"KHALI DOSH! KHALI DOSH!"
("Tk 10! Tk10!")
This rhythmic chorus is the best way to grab the attention of passerbys and nudge them to taking a closer look at what is being sold. Nothing works quite as effectively as getting a cheap deal in a fit of impulse buying to lift up a person's mood.
We can all relate to the moment when we must have been heading to our respective destinations but a peek out of the corner of our eyes at the nearby floating shop stopped our forward motion. Of course, the chorus serves as advertising but the real fun of a cheap deal is the fact that it is, indeed, a cheap and worthwhile deal. It is amusing to realise that often a minor floating shop can offer more varieties than a fancy supermall. The magic of footpath shopping is that no one is spared; almost everyone is drawn in.
The popular place for cheap deals is also the focal point of Dhaka City and a commercial hub, meaning Farmgate and its adjoining areas. Also popular are New Market, Gausia or just the local pop-up store that is engaging customers in the most creative of ways. Any kind of merchandise can be sold off in a cheap deal. From art and garments to gadgets and crockery, no form of goods are out of the equation; the whole lot is offered on sale.
"JAI LOIBEN EKSHO TAKA!"
("Any pick for Tk 100")
The joy this one line provokes is indescribable!
"A true, cheap deal," you probably think to yourselves.
But is the quality of a product bought on a cheap deal compromised? The answer is, sometimes.
Sometimes, low-quality knockoffs are put on display or offered for sale. But an experienced shopper can know the difference and tell a good deal from a bad one. If you have a really good eye, you will be able to spot superior quality and may never have to go home disappointed at purchasing a cheap imitation.
The options available appeal to both men and women. Lanes in Farmgate or Gulistan and other streets offer exclusive men's wear that instantaneously attracts men. They cannot help but steal a look and end up going home buying an extra pair of socks, or even a third polo shirt. Funnily enough, a cheap deal can perhaps be made even cheaper if the customer shares a similar home district to that of the seller. The similar history of hometowns provides an opportunity for a conversation to strike between the two parties and, somehow establishes a familiarity that breeds a bargain.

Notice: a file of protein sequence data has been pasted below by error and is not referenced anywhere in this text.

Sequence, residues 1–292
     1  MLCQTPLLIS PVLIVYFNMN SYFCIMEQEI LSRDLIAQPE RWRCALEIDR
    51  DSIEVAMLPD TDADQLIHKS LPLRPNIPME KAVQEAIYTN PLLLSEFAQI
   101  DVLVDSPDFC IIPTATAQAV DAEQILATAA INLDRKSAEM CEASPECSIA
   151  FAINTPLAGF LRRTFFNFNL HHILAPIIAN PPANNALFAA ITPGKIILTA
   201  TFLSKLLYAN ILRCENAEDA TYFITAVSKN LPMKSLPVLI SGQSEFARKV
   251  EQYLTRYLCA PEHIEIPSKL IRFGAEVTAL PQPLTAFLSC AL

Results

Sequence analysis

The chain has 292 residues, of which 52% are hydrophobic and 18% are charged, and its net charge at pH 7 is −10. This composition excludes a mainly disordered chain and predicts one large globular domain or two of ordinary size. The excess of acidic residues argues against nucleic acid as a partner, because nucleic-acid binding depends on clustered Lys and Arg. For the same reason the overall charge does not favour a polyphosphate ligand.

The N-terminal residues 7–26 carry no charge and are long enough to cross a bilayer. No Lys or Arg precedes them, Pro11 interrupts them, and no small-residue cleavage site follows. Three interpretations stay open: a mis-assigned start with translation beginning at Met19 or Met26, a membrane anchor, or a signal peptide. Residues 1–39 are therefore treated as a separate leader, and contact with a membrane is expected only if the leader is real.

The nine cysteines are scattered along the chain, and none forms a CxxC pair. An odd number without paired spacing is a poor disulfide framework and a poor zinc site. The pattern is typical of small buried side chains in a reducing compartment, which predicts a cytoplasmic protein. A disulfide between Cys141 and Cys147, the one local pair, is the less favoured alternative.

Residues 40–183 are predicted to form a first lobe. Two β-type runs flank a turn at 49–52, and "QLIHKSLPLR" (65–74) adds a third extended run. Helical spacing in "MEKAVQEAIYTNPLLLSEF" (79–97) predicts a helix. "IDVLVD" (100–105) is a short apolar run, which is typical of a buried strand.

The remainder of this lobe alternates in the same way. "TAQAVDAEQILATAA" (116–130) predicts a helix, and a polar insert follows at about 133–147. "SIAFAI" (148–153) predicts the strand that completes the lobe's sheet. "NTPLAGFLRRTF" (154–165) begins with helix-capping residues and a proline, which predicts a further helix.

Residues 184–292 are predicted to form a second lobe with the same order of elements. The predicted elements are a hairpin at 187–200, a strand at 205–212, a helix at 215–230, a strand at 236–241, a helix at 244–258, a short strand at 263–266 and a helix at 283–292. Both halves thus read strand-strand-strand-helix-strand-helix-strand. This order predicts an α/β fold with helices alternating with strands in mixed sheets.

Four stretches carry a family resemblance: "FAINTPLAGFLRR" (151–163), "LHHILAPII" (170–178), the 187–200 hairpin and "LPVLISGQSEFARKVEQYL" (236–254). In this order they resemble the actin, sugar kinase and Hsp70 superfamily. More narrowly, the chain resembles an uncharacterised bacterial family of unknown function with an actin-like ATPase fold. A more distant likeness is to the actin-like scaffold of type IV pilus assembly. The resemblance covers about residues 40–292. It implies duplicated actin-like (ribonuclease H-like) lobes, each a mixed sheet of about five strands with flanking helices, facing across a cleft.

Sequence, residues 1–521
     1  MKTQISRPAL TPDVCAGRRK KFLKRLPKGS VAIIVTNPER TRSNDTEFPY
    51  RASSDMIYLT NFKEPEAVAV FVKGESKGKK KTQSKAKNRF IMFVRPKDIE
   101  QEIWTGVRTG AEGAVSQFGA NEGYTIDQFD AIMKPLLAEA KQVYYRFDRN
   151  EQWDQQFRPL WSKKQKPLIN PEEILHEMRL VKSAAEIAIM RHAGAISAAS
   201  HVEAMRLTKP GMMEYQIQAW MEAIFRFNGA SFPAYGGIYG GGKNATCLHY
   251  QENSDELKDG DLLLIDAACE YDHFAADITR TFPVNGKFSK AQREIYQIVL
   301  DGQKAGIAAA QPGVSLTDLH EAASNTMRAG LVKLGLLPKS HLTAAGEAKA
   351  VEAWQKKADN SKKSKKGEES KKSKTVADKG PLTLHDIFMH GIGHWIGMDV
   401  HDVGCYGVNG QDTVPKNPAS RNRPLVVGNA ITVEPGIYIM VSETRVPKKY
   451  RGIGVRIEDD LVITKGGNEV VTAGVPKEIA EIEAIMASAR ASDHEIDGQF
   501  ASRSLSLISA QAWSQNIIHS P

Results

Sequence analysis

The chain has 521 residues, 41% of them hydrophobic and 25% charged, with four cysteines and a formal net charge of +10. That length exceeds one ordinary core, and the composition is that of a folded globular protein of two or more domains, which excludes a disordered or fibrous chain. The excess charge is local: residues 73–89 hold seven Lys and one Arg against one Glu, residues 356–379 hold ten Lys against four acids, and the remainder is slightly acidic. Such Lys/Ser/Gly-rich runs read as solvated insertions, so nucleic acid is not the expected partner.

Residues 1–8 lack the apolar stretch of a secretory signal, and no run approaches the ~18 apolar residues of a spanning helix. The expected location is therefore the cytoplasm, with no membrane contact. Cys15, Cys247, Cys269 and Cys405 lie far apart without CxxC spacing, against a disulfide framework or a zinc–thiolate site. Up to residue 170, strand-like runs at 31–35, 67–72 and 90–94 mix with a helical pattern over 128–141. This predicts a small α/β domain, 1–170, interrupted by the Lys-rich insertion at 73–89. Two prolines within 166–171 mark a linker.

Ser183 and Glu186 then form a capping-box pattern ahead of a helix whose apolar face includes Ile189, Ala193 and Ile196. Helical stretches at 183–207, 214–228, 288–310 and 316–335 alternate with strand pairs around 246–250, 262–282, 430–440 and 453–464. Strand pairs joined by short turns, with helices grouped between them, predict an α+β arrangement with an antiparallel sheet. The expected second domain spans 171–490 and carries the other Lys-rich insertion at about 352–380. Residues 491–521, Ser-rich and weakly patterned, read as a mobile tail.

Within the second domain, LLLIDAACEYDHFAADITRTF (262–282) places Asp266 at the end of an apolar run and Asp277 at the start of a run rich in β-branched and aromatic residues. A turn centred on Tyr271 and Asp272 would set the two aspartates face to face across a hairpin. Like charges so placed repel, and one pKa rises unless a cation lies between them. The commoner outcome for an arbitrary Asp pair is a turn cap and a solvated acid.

While most people may get agitated by the overcrowded street sides and a view of swarming shoppers, others succeed in finding a unique charm in the ordeal. Picking up a really good bargain while spending hours on shuffling through loads of garments and literally pushing ahead of people while shopping in busy footpaths does allure some people. In addition, engaging in a friendly chitchat with the vendor and fighting with another shopper over a cute shirt is a pretty good experience to head home with.
"FOR YOU, ONLY TK. 50!"
Nearly all customers fall prey to the most common tactic used by vendors anywhere in the city.
Suppose an item is priced at Tk 80. The seller will try to butter up the buyer and show false favouritism towards them by offering a discounted price of, maybe, Tk 50. However, it is kept secret that he still retains his profit margin.
The impact of a cheap deal by the footpath is often understated. People are prepared to even commute from, say, Gulshan to New Market to drive a hard bargain and go home with a satisfyingly cheap deal. You have truly witnessed a one-of-a-kind scenario if you have seen a foreign tourist relentlessly bargaining over a basic commodity, such as a melamine plate, at Karwan Bazar. We all seek out the adventure in everything and the adventure of an impulsive shopping spree is more than what meets the eye.
"WHY DO YOU LOVE A CHEAP DEAL?"
"Because it's cheap!"
This simple answer hides the most humourous of times spent at footpath shopping. It also explains why we are inevitably drawn in by the chorus in the very first place.
Photo: LS Archive/Sazzad Ibne Sayed